Hundreds of ways to say hell is other people and also love is other people: Evangelion 3.0+1.0 Thrice Upon A Time

There are myriad reasons why I feel unqualified to talk about anything related to the Evangelion franchise, but the primary one is that it’s not my thing. It’s a lot of other people’s thing, but not mine. Evangelion 3.0+1.0 Thrice Upon a Time, is the first time I felt myself so deeply affected by an Evangelion product.

My thing is the much less acclaimed ending of Sailor Moon Sailor Stars where Usagi Tsukino tells us that the proper place for chaos or evil is in the hearts of everyone — a shared burden for humanity that can only be mitigated (not defeated) by love. This is hardly a new concept but I’d not seen it done at a time where I could understand the message in anything close to its simultaneous simplicity and depth. You cannot defeat your darker impulses, only mitigate them with genuine connection. The message of Sailor Stars was accompanied by another major influence my obnoxious and precocious high school self was obsessed with, Jean-Paul Sartre’s Huis Clos (No Exit). Combined, this meant that the mantra of my younger self was that even if I could never understand others and building relationships with them would sometimes make it more difficult to understand myself, seeking genuine relationships with them would provide profound answers to the many questions I had about the value of my own existence or why I existed at all.

Despite thinking I understood this on an intellectual level (I didn’t), I certainly didn’t follow this example on a practical level. I still don’t always follow this on a practical level.

Relationships are difficult. I seek them out despite this.

(Spoilers for all of the Evangelion franchise below.)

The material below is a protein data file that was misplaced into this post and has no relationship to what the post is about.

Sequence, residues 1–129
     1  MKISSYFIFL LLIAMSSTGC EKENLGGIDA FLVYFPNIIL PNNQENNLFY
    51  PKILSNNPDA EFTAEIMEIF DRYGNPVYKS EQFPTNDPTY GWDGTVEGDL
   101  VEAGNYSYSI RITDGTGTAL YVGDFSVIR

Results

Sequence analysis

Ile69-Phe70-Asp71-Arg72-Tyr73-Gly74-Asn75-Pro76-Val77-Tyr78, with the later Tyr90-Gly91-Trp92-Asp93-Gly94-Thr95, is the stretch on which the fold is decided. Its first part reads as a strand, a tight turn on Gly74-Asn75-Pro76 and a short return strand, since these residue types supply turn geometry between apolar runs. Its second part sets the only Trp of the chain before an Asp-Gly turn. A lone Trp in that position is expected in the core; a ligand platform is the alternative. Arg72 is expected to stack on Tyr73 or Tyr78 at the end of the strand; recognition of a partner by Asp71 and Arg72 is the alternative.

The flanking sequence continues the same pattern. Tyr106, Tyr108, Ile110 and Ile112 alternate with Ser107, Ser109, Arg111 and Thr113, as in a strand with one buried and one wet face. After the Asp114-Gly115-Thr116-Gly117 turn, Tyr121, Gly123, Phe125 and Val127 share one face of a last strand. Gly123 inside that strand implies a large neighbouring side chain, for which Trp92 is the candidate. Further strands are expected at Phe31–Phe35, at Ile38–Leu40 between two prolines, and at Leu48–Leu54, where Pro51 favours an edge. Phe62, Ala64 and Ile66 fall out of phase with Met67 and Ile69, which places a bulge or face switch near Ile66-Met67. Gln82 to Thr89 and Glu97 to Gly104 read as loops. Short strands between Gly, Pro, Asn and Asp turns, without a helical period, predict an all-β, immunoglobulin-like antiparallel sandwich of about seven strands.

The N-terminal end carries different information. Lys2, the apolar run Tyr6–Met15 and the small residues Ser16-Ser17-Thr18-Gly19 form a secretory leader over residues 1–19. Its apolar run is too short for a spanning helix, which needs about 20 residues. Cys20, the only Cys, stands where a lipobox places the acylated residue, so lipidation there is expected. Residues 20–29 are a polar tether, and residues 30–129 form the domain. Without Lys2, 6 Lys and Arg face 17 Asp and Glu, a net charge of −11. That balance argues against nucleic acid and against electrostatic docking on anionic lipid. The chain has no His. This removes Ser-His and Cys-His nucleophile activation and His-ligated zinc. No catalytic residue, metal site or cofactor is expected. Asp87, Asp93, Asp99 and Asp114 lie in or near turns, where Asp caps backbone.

The flowers of Wonder Egg Priority’s opening (and series reflections, I suppose)

Following a three-month wait for a finale that was half-recap and half-nonsense, Wonder Egg Priority will go down in anime history as yet another promising passion project that was stymied by poor planning — exacerbated by the general state of the industry. Wonder Egg Priority‘s production woes have been thoroughly documented and were especially apparent in the twelfth and thirteenth episodes of the series. The thirteenth episode is particularly egregious given how it not only fails to make important emotional narratives of the four main characters resonate but how it inexplicably introduces even more details about in-universe mechanics that few asked for and were not tied whatsoever to any of the aforementioned emotional narratives.

What was most noticeable to me in these two episodes was the lack of flower language which, until that point, had become a visual story that ran parallel to the girls’ own individual character arcs. The use of both Victorian and Japanese flower language was so consistent — even in the expository Episode 11 that I personally disliked — that the absence of it in the final two episodes is jarring.

I’m still trying to work out my own feelings and disappointment regarding Wonder Egg Priority, but wanted to revisit flower language in the series one last time, through the opening animation sequence.


Colors and Cinematography in SSSS.Dynazenon

ssss.dynazenon opening sequence cold open anime episode 1 dynazenon backpacks

The opening shot of SSSS.Dynazenon is purposefully reminiscent of its predecessor, SSSS.Gridman. Anyone who has watched Gridman immediately will recognize the sequence of shots. This time, these snapshots begin with a nod to students’ various backpacks, which were used to define and color-coordinate characters by their tokusatsu archetypes (or defy them) in Gridman.

With that visual language brought over from Gridman, Dynazenon and director Akira Amemiya and staff are moving beyond an homage to kaiju and tokusatsu series past and looping in their own universe and visual language established in Gridman.

(major spoilers for SSSS.Gridman)